What can I do to improve fertility on my own?
As an infertility specialist I frequently get asked “what can I do on my own to improve my chances of getting pregnant”. Ten initiatives to improve fertility:
Age – Start your family sooner versus later. Women are born with all the eggs they will ever have at the time of birth. Every month women lose a cohort of eggs until menopause, which is defined as the last egg released. Because eggs are not replaced, eggs accumulate genetic errors as a function of time due to a multitude of environmental stressors. Fertility decreases significantly after age 35, it decreases markedly after 38. For women over 42 pregnancy rates with the most aggressive therapy, i.e., in vitro fertilization pregnancy rates are likely to be in the single digit range. Because males constantly make new sperm all their life, fertility changes associated with aging are much less striking – there is a slight decrease in fertility after age 50.
Timing – the second part of the menstrual cycle (post ovulation) is consistently around 14 days. Therefore, if a woman’s cycle lasts 28 days then that means she is ovulating on day 14. Conception is greatest when intercourse takes place 1-2 days prior to ovulation or the day of ovulation – the goal is to have sperm onboard before the egg has released. Pregnancy rates are significantly diminished if egg release occurs before sperm are present.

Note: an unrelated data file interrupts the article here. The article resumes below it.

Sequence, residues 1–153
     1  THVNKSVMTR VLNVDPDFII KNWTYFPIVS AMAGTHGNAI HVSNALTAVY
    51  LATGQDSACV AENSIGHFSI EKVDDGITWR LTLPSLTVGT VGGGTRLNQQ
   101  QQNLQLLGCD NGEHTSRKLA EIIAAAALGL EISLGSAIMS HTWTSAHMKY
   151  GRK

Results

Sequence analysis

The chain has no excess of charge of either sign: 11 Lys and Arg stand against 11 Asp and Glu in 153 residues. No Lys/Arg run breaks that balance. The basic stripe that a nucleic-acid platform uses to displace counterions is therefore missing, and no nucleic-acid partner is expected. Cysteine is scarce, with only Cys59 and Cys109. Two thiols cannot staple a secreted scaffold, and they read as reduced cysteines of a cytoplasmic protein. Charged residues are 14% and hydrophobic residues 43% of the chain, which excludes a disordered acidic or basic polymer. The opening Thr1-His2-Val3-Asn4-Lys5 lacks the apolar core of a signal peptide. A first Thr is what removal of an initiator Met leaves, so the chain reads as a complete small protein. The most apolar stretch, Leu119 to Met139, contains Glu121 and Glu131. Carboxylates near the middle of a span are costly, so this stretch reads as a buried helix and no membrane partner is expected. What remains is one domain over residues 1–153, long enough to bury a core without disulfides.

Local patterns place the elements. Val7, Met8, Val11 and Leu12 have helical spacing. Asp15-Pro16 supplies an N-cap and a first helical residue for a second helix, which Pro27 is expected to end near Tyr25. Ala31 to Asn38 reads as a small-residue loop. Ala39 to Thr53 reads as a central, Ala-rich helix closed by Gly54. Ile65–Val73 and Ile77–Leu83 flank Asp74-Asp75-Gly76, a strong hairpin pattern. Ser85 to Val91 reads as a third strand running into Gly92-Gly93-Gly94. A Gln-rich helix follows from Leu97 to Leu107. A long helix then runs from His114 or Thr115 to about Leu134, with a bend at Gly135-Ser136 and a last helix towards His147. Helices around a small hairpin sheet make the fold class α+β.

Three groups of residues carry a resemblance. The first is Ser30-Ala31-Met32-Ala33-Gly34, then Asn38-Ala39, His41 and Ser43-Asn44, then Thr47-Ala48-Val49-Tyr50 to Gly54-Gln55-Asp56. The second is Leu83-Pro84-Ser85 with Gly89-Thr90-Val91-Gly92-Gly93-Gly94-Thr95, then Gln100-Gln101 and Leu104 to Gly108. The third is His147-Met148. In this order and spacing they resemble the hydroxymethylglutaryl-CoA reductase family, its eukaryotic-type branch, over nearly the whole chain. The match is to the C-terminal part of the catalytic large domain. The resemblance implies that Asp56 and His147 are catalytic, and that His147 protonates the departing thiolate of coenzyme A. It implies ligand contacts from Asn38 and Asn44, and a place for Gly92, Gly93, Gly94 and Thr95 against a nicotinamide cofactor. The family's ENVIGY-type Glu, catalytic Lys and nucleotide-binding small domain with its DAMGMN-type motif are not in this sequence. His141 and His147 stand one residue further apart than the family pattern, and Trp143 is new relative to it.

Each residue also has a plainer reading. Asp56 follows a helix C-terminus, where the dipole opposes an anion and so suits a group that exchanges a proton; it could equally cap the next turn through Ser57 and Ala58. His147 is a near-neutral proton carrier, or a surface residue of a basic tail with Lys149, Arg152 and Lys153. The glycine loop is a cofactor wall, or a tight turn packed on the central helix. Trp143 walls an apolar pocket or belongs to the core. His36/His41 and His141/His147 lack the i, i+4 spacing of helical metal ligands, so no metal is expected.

Frequency of intercourse – the goal is to have sperm onboard before the egg is released. Daily intercourse prior to ovulation is associated with the highest chance for pregnancy, followed by every other day intercourse. Couples who have intercourse once per week or less have a markedly decreased chance of conception.
Lubricants – may impair sperms ability to swim up into the cervical mucous. Try to avoid Vaseline, K-Y. Approved lubricants that do not impair sperm motility include PreSeed as well as Astroglide, both available without a prescription.
Weight – extremes of weight, i.e., both obesity and excessively thin women have decreased fertility rates. While the physiologic mechanism is different the common pathway is the same, these individuals do not produce gonadotropins correctly, the hormones responsible for egg development. Normalizing body weight often will result in normal ovulation.
Stress – stress can affect fertility by decreasing gonadotropins, i.e., the two hormones LH and FSH that are responsible for egg production. Decrease in stress often will result in normal physiologic ovulation. If you are having regular 28 day plus or minus 2-3 day cycles you are likely having regular physiologic ovulation.
Smoking – has clearly been associated with decreased fertility as well as increased risk of miscarriage and early onset menopause. Smoking is believed to affect the number and quality of your eggs.
Alcohol – is best totally avoided when trying to get pregnant. There is no safe level of alcohol consumption during pregnancy. The concern here is more in terms of teratogenic effects on the fetus, i.e., fetal alcohol syndrome.
Caffeine – consumption of high levels of caffeine, five cups or more, has been associated with impaired fertility as well as an increased risk of miscarriage. One to two cups of coffee a day is not believed to affect fertility.
Strenuous aerobic activity has been shown to decrease fertility – limit aerobic activity to nothing more strenuous than brisk walking.